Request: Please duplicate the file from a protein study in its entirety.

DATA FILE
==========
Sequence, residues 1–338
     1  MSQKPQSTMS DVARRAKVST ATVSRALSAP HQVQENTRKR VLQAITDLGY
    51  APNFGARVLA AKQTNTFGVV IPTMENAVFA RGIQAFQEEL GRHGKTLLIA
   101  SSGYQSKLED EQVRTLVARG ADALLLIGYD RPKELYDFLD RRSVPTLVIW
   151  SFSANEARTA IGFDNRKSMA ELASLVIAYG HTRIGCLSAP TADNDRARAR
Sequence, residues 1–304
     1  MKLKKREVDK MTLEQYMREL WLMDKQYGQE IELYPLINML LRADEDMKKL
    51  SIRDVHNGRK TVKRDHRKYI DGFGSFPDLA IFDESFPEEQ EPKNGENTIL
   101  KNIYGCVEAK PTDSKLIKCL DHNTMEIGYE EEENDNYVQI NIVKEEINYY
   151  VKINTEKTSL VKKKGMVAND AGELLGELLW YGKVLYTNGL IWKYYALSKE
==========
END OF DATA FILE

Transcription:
Sequence, residues 1–338
     1  MSQKPQSTMS DVARRAKVST ATVSRALSAP HQVQENTRKR VLQAITDLGY
    51  APNFGARVLA AKQTNTFGVV IPTMENAVFA RGIQAFQEEL GRHGKTLLIA
   101  SSGYQSKLED EQVRTLVARG ADALLLIGYD RPKELYDFLD RRSVPTLVIW
   151  SFSANEARTA IGFDNRKSMA ELASLVIAYG HTRIGCLSAP TADNDRARAR
Sequence, residues 1–304
     1  MKLKKREVDK MTLEQYMREL WLMDKQYGQE IELYPLINML LRADEDMKKL
    51  SIRDVHNGRK TVKRDHRKYI DGFGSFPDLA IFDESFPEEQ EPKNGENTIL
   101  KNIYGCVEAK PTDSKLIKCL DHNTMEIGYE EEENDNYVQI NIVKEEINYY
   151  VKINTEKTSL VKKKGMVAND AGELLGELLW YGKVLYTNGL IWKYYALSKE